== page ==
Roll Call Reporter Says F.C.C. Security Pinned Him to a Wall

A reporter said he was pinned against a wall by two security officials in a public hallway at the Federal Communications Commission in Washington on Thursday after he tried to ask a question of a commissioner.

The reporter, John M. Donnelly of CQ Roll Call, said the officials’ behavior did not end there. They then waited for him outside a restroom, one of them followed him to the lobby and, under the implied threat of force, ejected him from the building, Mr. Donnelly said on Friday.

The commission said in a statement that it had apologized to Mr. Donnelly more than once and had told him it was on a heightened security alert on Thursday “based on several threats.” The commission did not respond to an email seeking elaboration about the nature of the threats or how Mr. Donnelly was perceived as a danger.

Mr. Donnelly, who customarily covers defense and national security issues, said he was at a public hearing hoping to speak to one of the commissioners for a story he was reporting.

The F.C.C. held a hearing on Thursday about net neutrality rules and when it ended, the commissioners fielded questions from reporters in an impromptu news conference. Mr. Donnelly said he wanted to discuss a different topic privately. As he waited in a hallway for one of the commissioners, he spotted Commissioner Michael P. O’Rielly.

“Commissioner, I have a question,” Mr. Donnelly said he began to say, but that was as far as he got before two security officials in plain clothes turned their backs on him, stood together and in a vise move pressed him into a wall for about 10 seconds as the commissioner walked by.

Mr. Donnelly said he is 165 pounds and 5 feet 10 inches tall. By his estimate, each of the security officials weighed at least 20 pounds more and were about the same height or slightly taller. Mr. Donnelly, 56, said he was not hurt but was incredulous about what happened.

“I tried to ask a question of a public official in a taxpayer-funded public building, and I did so politely, and I was treated as if I had thrown food at a commissioner,” he said. “There was absolutely nothing in my countenance that could be perceived as a threat. I think they interpreted that I was going to ask a question, and they were determined to stop it.”

He was holding a recorder, pen and pad and was wearing a press pass, he said.

Mr. Donnelly said he asked the men: “Really? You’ve got to block me like that?” He said one of the security officials, whom he identified as Frederick W. Bucher, asked why he didn’t ask his question at the news conference.

The identity of the other man was unclear. Mr. Bucher works for the Security Administration of the F.C.C., according to public records. A request to the commission for an interview with him went unanswered.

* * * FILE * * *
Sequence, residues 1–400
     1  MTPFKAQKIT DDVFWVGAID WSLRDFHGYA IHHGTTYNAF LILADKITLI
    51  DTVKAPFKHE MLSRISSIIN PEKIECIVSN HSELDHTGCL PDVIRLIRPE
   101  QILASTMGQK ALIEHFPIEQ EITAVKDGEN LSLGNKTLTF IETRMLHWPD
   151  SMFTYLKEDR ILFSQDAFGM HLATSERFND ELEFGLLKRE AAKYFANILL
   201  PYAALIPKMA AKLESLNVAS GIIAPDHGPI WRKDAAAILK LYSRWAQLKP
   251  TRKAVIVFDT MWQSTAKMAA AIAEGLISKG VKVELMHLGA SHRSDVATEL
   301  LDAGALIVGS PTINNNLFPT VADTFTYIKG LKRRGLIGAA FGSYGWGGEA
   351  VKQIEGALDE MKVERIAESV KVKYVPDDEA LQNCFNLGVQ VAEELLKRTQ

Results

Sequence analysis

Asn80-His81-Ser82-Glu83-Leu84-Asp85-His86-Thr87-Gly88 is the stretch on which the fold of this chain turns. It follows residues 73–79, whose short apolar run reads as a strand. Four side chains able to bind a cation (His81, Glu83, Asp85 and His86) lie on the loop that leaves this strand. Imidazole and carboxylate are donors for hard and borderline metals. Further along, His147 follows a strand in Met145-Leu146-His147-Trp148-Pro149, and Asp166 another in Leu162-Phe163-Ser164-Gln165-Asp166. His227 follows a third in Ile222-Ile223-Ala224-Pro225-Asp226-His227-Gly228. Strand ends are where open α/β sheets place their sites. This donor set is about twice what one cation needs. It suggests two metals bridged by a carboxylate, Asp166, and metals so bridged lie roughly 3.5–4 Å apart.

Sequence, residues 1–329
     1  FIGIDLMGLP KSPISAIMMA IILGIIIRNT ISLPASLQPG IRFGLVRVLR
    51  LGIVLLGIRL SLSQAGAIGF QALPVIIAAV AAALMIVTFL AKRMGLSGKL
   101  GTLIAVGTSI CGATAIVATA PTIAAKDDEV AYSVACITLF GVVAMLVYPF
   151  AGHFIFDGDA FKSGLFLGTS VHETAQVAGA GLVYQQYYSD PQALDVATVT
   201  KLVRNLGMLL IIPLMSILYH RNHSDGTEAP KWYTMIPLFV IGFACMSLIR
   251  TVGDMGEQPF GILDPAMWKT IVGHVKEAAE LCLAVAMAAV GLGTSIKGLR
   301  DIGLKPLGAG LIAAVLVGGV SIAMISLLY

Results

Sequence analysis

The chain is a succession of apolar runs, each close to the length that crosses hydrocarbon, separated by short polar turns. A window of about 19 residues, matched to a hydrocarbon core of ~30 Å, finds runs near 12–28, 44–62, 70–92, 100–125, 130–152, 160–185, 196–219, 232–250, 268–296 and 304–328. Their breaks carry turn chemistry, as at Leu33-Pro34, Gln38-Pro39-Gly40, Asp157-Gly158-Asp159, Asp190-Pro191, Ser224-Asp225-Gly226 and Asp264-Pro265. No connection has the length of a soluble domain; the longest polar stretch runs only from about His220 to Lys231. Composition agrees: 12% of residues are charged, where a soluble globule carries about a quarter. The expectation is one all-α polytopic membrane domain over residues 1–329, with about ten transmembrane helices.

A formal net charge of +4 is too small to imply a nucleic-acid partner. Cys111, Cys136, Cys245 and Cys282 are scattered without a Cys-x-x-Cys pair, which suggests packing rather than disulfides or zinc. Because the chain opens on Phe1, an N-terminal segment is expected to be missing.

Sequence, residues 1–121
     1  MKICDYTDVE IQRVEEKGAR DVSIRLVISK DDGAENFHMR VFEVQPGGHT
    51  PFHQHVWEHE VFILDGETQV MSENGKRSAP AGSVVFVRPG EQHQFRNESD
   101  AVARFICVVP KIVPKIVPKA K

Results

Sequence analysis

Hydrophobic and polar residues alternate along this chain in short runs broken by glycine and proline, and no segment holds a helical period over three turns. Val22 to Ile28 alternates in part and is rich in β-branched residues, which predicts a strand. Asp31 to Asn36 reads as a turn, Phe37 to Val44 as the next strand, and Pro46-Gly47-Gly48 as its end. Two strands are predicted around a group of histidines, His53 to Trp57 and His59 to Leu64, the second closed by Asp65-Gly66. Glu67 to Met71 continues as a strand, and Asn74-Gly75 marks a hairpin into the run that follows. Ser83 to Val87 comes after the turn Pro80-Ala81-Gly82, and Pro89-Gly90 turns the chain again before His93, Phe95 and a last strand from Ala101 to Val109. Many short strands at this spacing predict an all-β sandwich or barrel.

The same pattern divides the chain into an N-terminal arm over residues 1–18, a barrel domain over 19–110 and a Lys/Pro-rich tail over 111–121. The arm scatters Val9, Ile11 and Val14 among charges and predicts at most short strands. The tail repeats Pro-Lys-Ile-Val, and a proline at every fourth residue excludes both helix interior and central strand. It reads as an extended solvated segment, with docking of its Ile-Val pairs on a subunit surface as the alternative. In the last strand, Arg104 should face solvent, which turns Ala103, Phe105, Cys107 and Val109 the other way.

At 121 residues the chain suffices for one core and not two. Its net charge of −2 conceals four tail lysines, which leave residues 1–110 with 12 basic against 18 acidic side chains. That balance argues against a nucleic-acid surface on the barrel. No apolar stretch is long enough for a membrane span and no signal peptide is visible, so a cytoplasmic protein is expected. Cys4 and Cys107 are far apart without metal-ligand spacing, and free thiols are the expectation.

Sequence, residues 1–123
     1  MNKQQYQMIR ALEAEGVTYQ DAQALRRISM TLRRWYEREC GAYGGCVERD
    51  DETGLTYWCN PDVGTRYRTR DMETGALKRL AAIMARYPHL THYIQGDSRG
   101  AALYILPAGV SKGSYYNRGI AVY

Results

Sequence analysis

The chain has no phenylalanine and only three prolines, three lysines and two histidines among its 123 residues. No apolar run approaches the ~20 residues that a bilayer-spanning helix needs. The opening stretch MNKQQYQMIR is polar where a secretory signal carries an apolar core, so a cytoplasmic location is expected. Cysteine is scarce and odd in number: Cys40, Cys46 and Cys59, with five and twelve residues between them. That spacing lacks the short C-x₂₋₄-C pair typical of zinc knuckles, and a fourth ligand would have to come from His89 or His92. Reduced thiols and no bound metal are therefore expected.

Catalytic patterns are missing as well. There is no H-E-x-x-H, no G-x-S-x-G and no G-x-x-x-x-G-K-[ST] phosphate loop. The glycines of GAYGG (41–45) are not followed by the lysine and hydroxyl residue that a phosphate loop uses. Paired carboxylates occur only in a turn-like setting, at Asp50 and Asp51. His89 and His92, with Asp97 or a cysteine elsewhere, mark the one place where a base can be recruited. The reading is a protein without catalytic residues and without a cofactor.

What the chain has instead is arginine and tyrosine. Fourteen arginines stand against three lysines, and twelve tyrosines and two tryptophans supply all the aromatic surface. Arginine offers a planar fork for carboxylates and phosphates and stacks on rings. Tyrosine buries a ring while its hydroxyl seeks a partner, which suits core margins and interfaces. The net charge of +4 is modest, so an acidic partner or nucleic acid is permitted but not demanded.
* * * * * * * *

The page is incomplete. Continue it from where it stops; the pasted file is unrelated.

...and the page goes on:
Mr. Donnelly said the article he was developing was unrelated to the hearing, and he wanted to ask his question out of earshot of other reporters at the news conference. It is common practice in Washington and other government settings for reporters to ask questions or attempt one-on-one interviews outside a press gaggle to protect an exclusive story.

He said the officials were “up in my face” and made clear verbally and in their body language that they wanted him out of the building. When Mr. Donnelly left and sat in a wooden chair in the lobby, Mr. Bucher approached. After some back and forth about why Mr. Donnelly was still there, the reporter said he was told he would have to leave.

In an exchange on Twitter, Mr. O’Rielly, the commissioner, wrote that he did not recognize Mr. Donnelly. “John, I saw security put themselves between you, me and my staff,” he wrote. He said he “didn’t see anyone put a hand” on Mr. Donnelly but that he didn’t doubt his account. Mr. O’Rielly apologized and added, without elaboration, that he was also “freezing and starving.”

“I appreciate the apology,” Mr. Donnelly replied. “But ‘put themselves’ there makes it sound dainty. They pinned me.”

Mr. O’Rielly, who was appointed to the commission by President Obama in 2013, did not respond to an email and a tweet seeking comment. The F.C.C. did not respond to questions about what, if any, changes might be made by security officials after the episode.

Two Democratic senators, Tom Udall of New Mexico and Maggie Hassan of New Hampshire, sent a letter on Friday to the commission demanding a full explanation of what happened and seeking assurances that security staff would not restrain or threaten journalists in the future. They called it “a new low point in a disturbing trend” under the Trump administration.

Kathy Kiely, the press freedom fellow at the National Press Club Journalism Institute in Washington, said in a statement on Friday that the encounter reflected the current political climate.

“Incidents like these, occurring under a president who has openly threatened a free press, take on a greater and more ominous significance,” Ms. Kiely said. “And they do not seem to be isolated.”

Last week, a reporter in West Virginia was charged with a misdemeanor count of willful disruption of governmental processes after he persistently called out questions to Tom Price, the secretary of the Department of Health and Human Services, in a hallway at the State Capitol in Charleston, W.Va.